Britain’s ageing workforce at eye health risk
Monday, 24 September 2018
THE record number of older people in employmentare being urged to make their eye health a priority as pension entitlement ages increase.
Official figures show that there are now more than 1.2 million Brits over the age of 65 working, with a further 500,000 expected to be in employment by 2030, as people continue to live longer and healthier lives.
As the over 65s are almost twice as likely to develop an eye health condition, such as glaucoma or cataracts, that could significantly hinder their ability to do their job effectively, Specsavers and sight loss charity, the Royal National Institute of Blind People (RNIB), are campaigning to urge Britain’s ageing workforce to take their eye health seriously.
With research showing that one in four people are not having an eye test every two years as recommended by the College of Optometrists, celebrity chef and Hairy Bikers star Dave Myers, 61, is backing the campaign ahead of National Eye Health Week (24-30 September) after discovering that he had a serious eye condition that could have had a huge impact on his career.
Dave says: ‘I was shocked when I found out that I’d developed glaucoma when I was just 54. Thankfully it was spotted during a routine eye test but if it had gone unnoticed, I could have gone blind, and that would have had a huge impact on how I do the job I love so much.
‘Like so many people, my career is my passion and it’s so hard to be able to imagine doing all the things I love to do if I couldn’t see, whether it’s riding my bike, reading an autocue or preparing ingredients. The thought that I could have lost my sight is really scary. As we get older lots of things need closer attention, not least our eyes.’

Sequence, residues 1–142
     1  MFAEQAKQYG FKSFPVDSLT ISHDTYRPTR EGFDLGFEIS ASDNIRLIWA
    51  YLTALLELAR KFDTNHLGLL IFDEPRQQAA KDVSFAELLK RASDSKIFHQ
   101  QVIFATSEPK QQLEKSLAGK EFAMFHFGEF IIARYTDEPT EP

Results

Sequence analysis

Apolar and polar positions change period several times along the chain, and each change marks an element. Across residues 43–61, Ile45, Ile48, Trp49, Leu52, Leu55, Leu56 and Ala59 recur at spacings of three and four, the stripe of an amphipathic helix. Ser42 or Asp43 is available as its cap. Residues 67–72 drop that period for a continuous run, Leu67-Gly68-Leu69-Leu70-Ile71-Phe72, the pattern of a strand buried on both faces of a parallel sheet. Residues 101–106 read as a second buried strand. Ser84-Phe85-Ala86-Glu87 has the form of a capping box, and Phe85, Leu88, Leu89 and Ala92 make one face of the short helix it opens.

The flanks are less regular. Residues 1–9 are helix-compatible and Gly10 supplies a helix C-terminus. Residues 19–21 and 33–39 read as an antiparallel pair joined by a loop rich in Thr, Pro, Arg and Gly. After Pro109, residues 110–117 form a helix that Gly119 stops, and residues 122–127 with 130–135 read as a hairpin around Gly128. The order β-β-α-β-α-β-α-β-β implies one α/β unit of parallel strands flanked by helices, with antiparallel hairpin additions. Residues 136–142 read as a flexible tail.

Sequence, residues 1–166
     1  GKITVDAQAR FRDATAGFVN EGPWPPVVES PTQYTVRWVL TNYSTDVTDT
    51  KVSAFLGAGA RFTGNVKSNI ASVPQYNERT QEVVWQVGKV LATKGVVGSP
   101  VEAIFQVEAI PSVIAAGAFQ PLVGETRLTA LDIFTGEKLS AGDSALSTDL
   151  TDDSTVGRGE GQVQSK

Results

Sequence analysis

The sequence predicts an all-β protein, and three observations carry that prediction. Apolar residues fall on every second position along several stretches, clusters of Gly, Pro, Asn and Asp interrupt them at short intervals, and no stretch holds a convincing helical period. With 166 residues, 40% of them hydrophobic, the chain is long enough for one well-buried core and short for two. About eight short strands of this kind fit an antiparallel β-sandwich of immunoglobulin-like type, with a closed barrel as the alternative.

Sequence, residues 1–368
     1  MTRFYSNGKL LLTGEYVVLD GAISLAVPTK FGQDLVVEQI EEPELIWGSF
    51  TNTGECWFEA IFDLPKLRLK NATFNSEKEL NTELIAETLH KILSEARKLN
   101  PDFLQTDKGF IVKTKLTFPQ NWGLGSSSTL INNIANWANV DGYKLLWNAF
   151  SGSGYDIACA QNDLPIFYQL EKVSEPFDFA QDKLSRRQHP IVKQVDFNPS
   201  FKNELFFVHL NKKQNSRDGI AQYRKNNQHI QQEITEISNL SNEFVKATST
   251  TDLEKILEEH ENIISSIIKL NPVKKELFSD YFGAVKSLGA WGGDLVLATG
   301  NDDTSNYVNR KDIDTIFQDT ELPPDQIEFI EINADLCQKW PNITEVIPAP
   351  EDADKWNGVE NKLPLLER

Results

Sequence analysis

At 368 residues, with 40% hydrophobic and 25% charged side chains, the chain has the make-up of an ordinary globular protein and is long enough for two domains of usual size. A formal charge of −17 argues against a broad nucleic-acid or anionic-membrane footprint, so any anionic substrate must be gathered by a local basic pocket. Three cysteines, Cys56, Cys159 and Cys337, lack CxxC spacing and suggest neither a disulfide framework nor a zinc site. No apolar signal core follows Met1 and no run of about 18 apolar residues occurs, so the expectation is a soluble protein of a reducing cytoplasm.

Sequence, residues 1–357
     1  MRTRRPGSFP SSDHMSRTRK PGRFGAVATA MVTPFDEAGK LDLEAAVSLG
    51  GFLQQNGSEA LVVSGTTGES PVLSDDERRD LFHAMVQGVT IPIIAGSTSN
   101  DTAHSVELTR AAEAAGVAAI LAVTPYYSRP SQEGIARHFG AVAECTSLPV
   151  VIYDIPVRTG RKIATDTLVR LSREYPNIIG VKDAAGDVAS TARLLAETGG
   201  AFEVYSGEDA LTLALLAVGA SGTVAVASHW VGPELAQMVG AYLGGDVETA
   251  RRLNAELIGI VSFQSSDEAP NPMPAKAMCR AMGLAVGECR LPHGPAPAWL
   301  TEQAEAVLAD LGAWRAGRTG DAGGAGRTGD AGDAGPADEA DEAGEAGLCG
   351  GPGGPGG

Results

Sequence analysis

RNIB Interim CEO, Eliot Lyne, said: ‘With the right support, people with sight loss can continue working, and if you’re an employer, RNIB and other organisations can help you to properly support a member of staff who is losing their sight.
‘Advances in technology mean that blind and partially sighted people can now overcome many of the barriers to work that they have faced in the past, and government schemes, like Access to Work, mean that many of the costs can be met.’
According to the All-Party Parliamentary Group (APPG) on Eye Health and Visual Impairment’s See the Light report, which determined that more needs to be done to make eye health a priority, the number of people in the UK that will be affected by sight loss is predicted to increase by more than 10% by 2020, rising to more than 40% by 2030, due largely to our ageing demographic.
Research estimates that the total cost of sight loss to our economy is in the region of £28 billion a year which is estimated to increase to £30.8 billion by 2020.
Specsavers founder Doug Perkins, 75, an optometrist of more than 50 years and who co-runs the joint venture family business, wholeheartedly agrees: ‘More needs to be done to make eye health a priority in the UK. Britain’s baby boomers are
finding a new lease of life in the workplace. However, ageing can come hand-in-hand with various ailments that, if left untreated, could cause sight loss.
‘An eye test can help detect conditions including age-related macular degeneration (AMD), diabetic retinopathy, glaucoma and cataracts. It also provides a window on wider health, helping spot indicators of other issues, such as diabetes, that could hinder older people from working as long or as effectively as they might want to.’
Following the APPG’s findings, Specsavers is continuing to train its optometrists to provide the best care possible. To help relieve the pressures placed on the NHS. Specsavers is providing additional capacity and convenient access to specialist eye care services for NHS patients in its high street stores.
The 3,500 optometrists at Specsavers have between them completed more than 10,000 postgraduate accreditations in detecting and monitoring glaucoma, cataract and other eye health conditions. To complement these skills, Specsavers and RNIB have also launched eye health training for Specsavers’ non clinical teams, including optical assistants and frame stylists, to ensure that whoever a customer first sees in-store is sympathetic to their eye care needs.
To encourage more people to prioritise their eye health and to help support National Eye Health Week (24-30 September), Specsavers will be offering free eye tests in participating stores throughout September.
Specsavers is also launching a new multi-million pound marketing initiative which replaces pictures with written descriptions. The integrated awareness campaign – ‘Don’t Lose the Picture’ – delivers the stark message that sight loss could leave you relying on a bland summary of a vivid image, instead of enjoying the picture in all its colour and meaning.
For more information on your nearest store or to book your free eye test visit www.specsavers.co.uk